The Brit secured the championship in Mexico two weeks ago and heads to this weekend’s race in Brazil knowing the title is wrapped up.
His victory this season puts Hamilton level with Argentine driver Juan Manuel Fangio with only Michael Schumacher ahead of the pair on seven championships.
Lewis Hamilton is 33 and is contracted to Mercedes until 2020 having signed a new £40million-a-year deal earlier this season.
But he is already concentrating on his life post-racing, and has plans to help future generations.
“I have a lot of things that I want to do,” Hamilton told the Sun.
“I get tons of messages every day asking me if I want to do this or that and it is about focusing on which one has the most impact or is the most meaningful.
“At the moment it is focusing on racing. But as I get to the tail end of my career, that is going to shift and I’m putting in the building blocks so I can work on those things.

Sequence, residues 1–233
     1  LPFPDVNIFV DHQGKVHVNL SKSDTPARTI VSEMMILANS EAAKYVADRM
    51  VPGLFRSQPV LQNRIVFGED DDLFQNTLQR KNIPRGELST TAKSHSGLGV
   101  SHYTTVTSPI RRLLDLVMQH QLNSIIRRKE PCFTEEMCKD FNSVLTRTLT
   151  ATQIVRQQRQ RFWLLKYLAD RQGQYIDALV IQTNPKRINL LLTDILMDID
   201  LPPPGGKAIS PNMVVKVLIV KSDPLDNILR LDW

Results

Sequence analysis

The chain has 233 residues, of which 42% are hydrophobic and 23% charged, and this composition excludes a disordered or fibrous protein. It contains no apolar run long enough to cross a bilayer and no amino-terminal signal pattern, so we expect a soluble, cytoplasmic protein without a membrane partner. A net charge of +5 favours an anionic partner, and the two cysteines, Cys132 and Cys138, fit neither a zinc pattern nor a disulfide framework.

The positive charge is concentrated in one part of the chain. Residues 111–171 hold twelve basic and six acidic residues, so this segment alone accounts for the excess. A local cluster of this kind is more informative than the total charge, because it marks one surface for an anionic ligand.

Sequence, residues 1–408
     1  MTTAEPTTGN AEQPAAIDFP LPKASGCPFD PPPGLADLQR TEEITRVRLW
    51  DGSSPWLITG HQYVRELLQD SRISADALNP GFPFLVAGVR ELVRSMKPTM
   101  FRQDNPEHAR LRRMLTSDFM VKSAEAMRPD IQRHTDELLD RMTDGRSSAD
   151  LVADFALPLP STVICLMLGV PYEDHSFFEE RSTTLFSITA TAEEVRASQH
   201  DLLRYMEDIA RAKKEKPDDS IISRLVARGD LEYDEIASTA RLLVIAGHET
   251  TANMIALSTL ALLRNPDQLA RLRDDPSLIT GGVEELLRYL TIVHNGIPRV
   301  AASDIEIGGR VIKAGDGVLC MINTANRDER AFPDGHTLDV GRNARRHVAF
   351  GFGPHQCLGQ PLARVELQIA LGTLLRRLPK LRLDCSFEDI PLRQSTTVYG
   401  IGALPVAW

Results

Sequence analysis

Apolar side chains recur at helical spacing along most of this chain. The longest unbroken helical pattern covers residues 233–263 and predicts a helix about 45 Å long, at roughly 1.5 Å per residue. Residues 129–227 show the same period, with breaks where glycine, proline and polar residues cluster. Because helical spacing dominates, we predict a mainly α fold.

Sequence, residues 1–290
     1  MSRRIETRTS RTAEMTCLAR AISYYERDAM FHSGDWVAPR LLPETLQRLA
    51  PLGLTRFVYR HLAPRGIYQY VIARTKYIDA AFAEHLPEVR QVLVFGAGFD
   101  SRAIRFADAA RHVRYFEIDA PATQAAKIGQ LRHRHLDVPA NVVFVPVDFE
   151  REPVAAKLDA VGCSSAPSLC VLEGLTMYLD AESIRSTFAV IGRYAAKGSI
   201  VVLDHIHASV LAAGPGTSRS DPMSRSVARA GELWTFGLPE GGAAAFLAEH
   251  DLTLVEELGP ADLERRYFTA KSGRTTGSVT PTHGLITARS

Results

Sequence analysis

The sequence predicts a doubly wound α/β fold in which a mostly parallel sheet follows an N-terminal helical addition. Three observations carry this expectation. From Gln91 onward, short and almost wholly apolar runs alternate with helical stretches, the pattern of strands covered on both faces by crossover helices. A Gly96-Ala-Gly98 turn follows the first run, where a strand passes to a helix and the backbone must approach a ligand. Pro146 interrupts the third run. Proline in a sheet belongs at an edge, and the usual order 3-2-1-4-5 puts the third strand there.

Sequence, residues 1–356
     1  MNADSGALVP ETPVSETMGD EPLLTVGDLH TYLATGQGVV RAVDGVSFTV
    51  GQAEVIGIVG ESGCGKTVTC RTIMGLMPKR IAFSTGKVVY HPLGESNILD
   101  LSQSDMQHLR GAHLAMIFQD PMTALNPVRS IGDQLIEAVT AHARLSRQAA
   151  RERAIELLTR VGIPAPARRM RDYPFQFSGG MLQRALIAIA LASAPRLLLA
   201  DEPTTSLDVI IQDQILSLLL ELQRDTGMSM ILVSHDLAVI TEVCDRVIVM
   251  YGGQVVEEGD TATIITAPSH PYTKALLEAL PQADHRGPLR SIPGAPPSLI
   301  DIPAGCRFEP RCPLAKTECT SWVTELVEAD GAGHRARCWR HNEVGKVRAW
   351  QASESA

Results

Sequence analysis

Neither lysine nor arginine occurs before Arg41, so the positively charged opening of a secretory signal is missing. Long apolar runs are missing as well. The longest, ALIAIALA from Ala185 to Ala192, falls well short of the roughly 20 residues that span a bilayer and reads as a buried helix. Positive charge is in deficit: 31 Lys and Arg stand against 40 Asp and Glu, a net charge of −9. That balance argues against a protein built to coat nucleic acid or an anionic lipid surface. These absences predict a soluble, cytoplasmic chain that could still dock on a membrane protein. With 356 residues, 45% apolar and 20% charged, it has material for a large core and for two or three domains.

“Education is one thing I want to get involved in. I’d like to meet government heads and understand the curriculum they are giving the kids.
“I remember being at school and there was never a discussion with a teacher about encouraging someone to become an engineer or how to get on to that path.
“If I was to do something with schools the priority is in the UK.
“I also cannot understand how we stand by and watch all these kids trying to get into racing and parents taking them out of school.
“A lot of parents maybe home educate them but 98 per cent of those who don’t make it end up with no opportunities.
“I remember struggling at school and jeez, if I hadn’t made it, I would have fallen flat on my face — and we didn’t have a lot of money.”
Former F1 star Mark Webber believes Hamilton can match Schumacher in the years to come.
“The sky’s the limit, he still looks like he’s pretty young mentally in terms of energy and he could probably go for Michael’s record,” Webber said.
“Seven is totally on the table. Eight is only one more but the difference between seven and eight … to win the next three on the bounce is a lot.
“Seven is doable, but eight is the big one.”